Michael Shermer: There's a good reason why we live in the age of science, why the lifespan of humans has doubled in the last 150 years. It's entirely due to medical science, not medical pseudoscience.

James Randi: We're in a battle all the time to survive, to move ahead. And we're going to lose that fight if we start trying to use magic and spells and incantations. We've got to depend upon reality.

John Stossel: (on camera) We'll be right back with James Randi's hoax that fooled everybody.

Announcer: Their voices change. So does their body language. Millions believe they speak from another world. But are the faithful being fooled by the power of belief? More revelations, when John Stossel continues.

(Commercial Break)

John Stossel: Life is scary, unpredictable. Many of us would like to believe that someone, somewhere has the answers and will give them to us. Maybe JZ Knight (ph) can help. (VO) Knight charges people hundreds of dollars to hear her channel Ramtha.

JZ Knight, Channeler Indeed! I am Ramtha, the enlightened one. And I am exceedingly pleased to be here.

John Stossel: (VO) Channeling means Ramtha, a 35,000-year-old warrior philosopher from the lost city of Atlantis, speaks through JZ Knight.

JZ Knight: That which is termed life, the only reality.

Group:The only reality.

JZ Knight: Forever.

Group: Forever.

JZ Knight: And ever.

Group: And ever.

JZ Knight: And ever.

Group: And ever.

JZ Knight: So be it!

Group: So be it.

JZ Knight: Drink up.

John Stossel: (VO) Through her, Ramtha predicts the future and gives vague advice.

JZ Knight: And for whatever you deem, that which I am, it is what you are that is important. Now, get it? (Applause)

John Stossel: (VO) Knight has had thousands of followers, including actress Shirley MacLaine. And Knight's just one of many channelers around.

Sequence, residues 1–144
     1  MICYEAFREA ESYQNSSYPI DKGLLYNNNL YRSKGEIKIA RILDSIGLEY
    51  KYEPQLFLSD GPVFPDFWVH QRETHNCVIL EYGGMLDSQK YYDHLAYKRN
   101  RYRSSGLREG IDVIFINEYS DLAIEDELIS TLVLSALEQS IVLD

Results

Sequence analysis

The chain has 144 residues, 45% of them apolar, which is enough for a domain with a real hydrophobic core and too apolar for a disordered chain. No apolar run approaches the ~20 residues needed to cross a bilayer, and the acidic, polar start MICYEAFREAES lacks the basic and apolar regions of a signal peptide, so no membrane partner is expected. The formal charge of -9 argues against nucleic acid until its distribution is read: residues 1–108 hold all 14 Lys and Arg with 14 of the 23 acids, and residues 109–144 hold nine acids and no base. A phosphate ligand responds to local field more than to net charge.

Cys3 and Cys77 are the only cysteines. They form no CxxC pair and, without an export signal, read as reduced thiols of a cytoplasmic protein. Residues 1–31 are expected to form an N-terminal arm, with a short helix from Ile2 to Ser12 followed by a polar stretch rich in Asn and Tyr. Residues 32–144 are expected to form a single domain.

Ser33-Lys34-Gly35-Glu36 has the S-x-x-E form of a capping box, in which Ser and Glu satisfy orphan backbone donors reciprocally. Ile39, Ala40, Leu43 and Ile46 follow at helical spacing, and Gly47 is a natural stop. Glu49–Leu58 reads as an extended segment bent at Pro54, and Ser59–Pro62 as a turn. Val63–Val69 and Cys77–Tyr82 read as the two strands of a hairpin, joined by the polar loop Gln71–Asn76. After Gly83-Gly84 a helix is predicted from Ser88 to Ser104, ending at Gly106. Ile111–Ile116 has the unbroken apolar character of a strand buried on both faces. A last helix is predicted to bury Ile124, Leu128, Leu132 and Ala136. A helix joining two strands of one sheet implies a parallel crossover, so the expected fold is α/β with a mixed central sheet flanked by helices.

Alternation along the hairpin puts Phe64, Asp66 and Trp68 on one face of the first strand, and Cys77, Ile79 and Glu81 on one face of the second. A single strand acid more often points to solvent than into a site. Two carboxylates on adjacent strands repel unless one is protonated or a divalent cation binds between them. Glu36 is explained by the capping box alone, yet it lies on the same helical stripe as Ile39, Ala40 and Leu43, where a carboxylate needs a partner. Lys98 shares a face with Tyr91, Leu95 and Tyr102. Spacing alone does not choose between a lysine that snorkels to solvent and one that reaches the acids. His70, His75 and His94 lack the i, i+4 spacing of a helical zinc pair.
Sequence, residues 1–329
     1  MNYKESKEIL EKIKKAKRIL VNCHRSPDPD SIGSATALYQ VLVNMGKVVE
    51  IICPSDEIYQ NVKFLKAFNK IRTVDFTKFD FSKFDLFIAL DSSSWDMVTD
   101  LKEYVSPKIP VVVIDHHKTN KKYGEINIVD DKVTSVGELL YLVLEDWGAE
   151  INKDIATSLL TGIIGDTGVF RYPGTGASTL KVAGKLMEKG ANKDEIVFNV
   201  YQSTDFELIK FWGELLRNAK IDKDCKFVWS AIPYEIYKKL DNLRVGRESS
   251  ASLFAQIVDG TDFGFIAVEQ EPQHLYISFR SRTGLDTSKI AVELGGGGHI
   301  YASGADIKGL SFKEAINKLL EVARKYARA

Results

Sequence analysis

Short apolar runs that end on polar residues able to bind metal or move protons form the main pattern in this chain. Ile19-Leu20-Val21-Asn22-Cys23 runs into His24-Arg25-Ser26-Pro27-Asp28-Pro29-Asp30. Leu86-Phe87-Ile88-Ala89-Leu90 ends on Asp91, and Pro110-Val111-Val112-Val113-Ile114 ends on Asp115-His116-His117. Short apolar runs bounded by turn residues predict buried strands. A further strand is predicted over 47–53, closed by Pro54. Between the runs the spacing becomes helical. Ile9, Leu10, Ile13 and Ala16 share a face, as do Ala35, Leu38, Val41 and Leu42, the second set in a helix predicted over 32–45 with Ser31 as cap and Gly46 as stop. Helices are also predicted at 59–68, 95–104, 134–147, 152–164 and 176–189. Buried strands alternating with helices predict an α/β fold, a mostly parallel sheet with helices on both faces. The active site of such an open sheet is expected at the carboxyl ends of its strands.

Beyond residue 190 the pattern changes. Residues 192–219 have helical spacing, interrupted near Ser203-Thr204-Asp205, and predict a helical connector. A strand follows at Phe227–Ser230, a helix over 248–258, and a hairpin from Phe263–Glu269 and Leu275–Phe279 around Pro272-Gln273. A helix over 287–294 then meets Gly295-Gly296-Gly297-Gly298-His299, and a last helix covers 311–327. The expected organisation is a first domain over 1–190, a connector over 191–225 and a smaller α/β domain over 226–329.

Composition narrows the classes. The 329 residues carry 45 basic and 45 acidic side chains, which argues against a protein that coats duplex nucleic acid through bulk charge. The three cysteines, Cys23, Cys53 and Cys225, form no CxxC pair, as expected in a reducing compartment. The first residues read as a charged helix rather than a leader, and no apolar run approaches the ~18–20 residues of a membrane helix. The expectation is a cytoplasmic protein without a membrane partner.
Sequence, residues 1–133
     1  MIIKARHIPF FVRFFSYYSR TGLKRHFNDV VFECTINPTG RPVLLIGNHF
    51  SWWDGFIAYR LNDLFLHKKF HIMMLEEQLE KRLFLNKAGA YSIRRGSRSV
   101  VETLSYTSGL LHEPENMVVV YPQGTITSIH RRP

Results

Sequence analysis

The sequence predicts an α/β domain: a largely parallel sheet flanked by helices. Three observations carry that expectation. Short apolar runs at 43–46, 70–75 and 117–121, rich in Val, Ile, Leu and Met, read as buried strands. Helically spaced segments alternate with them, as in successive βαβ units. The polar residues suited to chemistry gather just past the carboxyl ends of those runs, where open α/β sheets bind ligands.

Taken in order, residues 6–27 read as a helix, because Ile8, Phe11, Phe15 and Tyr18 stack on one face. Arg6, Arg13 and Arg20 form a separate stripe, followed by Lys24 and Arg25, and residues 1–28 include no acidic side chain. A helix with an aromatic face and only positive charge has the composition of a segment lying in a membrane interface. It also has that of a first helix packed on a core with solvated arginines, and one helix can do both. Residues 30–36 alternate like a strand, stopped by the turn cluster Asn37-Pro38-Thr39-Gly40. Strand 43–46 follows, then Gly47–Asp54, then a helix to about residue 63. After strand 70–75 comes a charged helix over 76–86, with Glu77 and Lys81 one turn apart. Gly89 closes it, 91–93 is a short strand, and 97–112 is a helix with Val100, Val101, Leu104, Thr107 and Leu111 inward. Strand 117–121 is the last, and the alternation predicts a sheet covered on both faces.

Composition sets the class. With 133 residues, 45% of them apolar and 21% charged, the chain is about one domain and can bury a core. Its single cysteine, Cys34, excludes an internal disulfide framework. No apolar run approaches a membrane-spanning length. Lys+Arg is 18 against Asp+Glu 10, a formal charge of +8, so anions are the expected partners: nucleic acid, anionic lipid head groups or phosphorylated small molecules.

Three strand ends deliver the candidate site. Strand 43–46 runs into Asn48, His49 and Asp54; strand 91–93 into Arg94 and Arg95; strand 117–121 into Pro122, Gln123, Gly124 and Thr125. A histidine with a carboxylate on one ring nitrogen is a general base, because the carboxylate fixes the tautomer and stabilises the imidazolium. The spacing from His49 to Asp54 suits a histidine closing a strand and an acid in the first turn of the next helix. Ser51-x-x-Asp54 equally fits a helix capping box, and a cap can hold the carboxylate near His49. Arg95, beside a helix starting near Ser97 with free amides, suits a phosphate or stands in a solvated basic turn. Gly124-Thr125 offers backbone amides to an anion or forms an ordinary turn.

First Channeler: God bless you, Dr Peeper!

Second Channeler: All right. How are you this day of your time as you create time to exist?

Jose Alvarez, Artist: I am a very old spirit.

John Stossel: (VO) This channeler brings us Carlos, a 2,000-year-old spirit from Venezuela.

Jose Alvarez: Next question.

John Stossel: (VO) Carlos is really Jose Alvarez, a Florida artist coached by James Randi on how to fake being a channeler so that this Australian TV station could show how easy it is to fool people, especially the gullible media.

First Australian Reporter: His name is Carlos, and you've probably seen him on a television or mentioned in the press.

John Stossel: (VO) Randi's angry at how quick the media is to give attention and therefore credibility to all kinds of paranormal claims. ABC News has done it.

Diane Sawyer, ABC News: You're convinced you're getting mental images communicated from this dog to you?

John Stossel: (VO) We say we're just covering phenomena that fascinate lots of people.

Tom Brokaw, NBC News: Are we alone?

John Stossel: (VO) That's our job. And after all, these are mysteries that haven't been disproven.

James Randi: It's politically correct to allow everybody to have their opinion aired whether it's nonsensical, pseudoscientific, whether it's crackpot or whatever.

John Stossel: (on camera) But that's not fair. We don't suspend our critical thinking. We check these people out before we put them on TV.